PARIS, AUG. 6 -- The French government, which is locked in a crisis with Tehran, today told oil companies operating in France to halt their growing purchases of Iranian crude petroleum.

The measure, announced by Industry Minister Alain Madelin, was aimed at preventing dependence on Iranian oil imports during a period of increased instability and risk in the Persian Gulf. It also responded to the belief in Prime Minister Jacques Chirac's government that buying large amounts of Iranian crude is inappropriate during a highly charged French-Iranian confrontation now in its sixth week, Madelin explained in a television interview.

France, which broke relations with Iran on July 17, dispatched a four-ship aircraft carrier battle group to the gulf area last week, doubling the number of French warships on station there. Chirac said the force, including advanced Super-Etendard fighters armed with Exocet missiles, would retaliate against Iran if French interests were attacked as threatened by the radical Islamic leadership in Tehran.

"It would be disorderly to see increases in Iranian {oil} imports in the current political situation," Madelin said.

Industry Ministry statistics showed Iran was the top crude oil supplier to France in June, supplying 5.03 million barrels out of a total of 35.6 million barrels imported overall in that month. In the first six months of the year, Iran was France's third-ranking supplier, behind Saudi Arabia and Britain.

By comparison, Iran was France's eighth-ranking supplier in 1986. This was the period in which Chirac's government was trying to normalize relations with Iran in hopes of improving chances for release of French hostages in Lebanon.

The sharp jump in purchases from Iran this year reflected prices set by Tehran at a level lower than those of competing oil sellers in the Organization of Petroleum Exporting Countries, Madelin said. The government in Tehran, which has been at war with Iraq for seven years, has been selling under fixed OPEC prices for some time in an effort to raise foreign exchange to finance its extensive military expeditures.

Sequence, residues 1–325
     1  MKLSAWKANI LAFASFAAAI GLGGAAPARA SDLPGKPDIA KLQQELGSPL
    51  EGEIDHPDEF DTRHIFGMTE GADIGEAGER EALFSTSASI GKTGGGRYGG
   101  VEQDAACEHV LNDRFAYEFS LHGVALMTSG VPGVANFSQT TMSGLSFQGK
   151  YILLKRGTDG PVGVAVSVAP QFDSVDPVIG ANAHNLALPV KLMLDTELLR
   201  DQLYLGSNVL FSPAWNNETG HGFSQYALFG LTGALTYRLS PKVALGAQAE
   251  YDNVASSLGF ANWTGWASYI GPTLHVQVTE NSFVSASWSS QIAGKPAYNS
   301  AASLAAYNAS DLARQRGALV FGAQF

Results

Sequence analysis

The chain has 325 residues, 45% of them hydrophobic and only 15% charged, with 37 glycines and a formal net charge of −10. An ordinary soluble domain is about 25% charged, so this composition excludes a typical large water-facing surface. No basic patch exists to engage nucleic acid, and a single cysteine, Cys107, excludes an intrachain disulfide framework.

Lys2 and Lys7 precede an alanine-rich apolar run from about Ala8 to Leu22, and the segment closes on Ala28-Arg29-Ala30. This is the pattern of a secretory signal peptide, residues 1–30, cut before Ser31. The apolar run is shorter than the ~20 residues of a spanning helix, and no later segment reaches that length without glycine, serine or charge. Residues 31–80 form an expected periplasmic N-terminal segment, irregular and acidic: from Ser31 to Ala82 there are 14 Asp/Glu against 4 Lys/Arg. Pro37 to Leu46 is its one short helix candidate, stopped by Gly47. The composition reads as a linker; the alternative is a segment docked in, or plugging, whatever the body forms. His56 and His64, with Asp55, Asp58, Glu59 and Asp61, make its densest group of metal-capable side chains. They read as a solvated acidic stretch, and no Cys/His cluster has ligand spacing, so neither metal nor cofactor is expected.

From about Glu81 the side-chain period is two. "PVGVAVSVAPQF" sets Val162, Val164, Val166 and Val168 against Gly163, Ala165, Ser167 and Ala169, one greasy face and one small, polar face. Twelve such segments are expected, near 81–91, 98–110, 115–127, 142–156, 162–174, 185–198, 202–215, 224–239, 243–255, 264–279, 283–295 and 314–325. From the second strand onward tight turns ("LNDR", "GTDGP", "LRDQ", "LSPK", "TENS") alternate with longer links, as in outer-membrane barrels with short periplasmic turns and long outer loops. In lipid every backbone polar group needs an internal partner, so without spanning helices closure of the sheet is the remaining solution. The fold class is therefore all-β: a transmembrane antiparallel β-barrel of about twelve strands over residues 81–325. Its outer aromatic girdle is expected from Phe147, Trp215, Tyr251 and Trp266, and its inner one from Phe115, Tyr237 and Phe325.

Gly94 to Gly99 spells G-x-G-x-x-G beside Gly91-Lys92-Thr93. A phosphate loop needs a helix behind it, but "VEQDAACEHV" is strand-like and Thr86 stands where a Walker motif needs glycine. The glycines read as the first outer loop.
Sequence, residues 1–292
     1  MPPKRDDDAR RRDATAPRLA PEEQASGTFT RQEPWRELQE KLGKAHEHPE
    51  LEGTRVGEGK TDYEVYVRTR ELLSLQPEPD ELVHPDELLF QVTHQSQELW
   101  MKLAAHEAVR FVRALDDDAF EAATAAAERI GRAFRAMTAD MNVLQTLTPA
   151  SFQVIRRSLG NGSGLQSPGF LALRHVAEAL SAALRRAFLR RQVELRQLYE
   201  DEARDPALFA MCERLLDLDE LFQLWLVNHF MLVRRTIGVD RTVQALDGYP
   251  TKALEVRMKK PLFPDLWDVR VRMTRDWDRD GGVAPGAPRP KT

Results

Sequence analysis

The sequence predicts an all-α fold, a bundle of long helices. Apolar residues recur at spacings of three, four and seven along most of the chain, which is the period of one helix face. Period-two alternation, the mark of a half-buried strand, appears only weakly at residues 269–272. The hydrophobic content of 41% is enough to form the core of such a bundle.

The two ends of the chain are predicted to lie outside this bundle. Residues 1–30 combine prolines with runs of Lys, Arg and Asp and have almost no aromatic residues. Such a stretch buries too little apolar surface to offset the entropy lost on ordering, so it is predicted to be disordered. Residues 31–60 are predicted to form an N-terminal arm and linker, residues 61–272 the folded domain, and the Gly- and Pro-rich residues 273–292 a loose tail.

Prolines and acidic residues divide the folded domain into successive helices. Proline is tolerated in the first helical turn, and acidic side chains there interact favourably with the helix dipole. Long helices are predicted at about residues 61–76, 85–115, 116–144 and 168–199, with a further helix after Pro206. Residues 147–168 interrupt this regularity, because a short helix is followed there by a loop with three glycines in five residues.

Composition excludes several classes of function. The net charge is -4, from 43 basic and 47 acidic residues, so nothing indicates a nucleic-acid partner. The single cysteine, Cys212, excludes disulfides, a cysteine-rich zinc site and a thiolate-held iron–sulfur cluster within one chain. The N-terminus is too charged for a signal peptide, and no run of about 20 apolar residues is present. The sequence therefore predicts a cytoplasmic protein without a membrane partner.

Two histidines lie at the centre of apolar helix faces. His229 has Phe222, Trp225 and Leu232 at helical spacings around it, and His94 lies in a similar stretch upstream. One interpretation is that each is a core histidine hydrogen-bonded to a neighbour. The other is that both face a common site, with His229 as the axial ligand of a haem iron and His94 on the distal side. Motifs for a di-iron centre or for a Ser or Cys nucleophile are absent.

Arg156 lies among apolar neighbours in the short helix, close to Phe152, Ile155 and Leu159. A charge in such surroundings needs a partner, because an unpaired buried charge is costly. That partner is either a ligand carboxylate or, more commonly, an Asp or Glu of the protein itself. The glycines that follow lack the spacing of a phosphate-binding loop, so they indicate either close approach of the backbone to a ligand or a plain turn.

{According to figures supplied by the State Department, U.S. exports to Iran last year were relatively small -- totaling $34 million -- but imports, mostly oil, totaled $612 million. In Washington, State Department spokeswoman Anita Stockman said U.S. "export policy is under review, but no final decision has been made on whether or to what extent further trade restrictions on Iran might be made."

{According to the figures, the United States imported $460 million worth of crude oil from Iran, purchased on the spot market, in 1986. During the first five months of this year, the United States imported $418.5 million worth of Iranian oil.}

Madelin said he is counting on public opinion to force oil companies to adhere to the government's measure. This appeared to be one of the reasons for his declarations today, which confirmed rumors circulating here for the last week.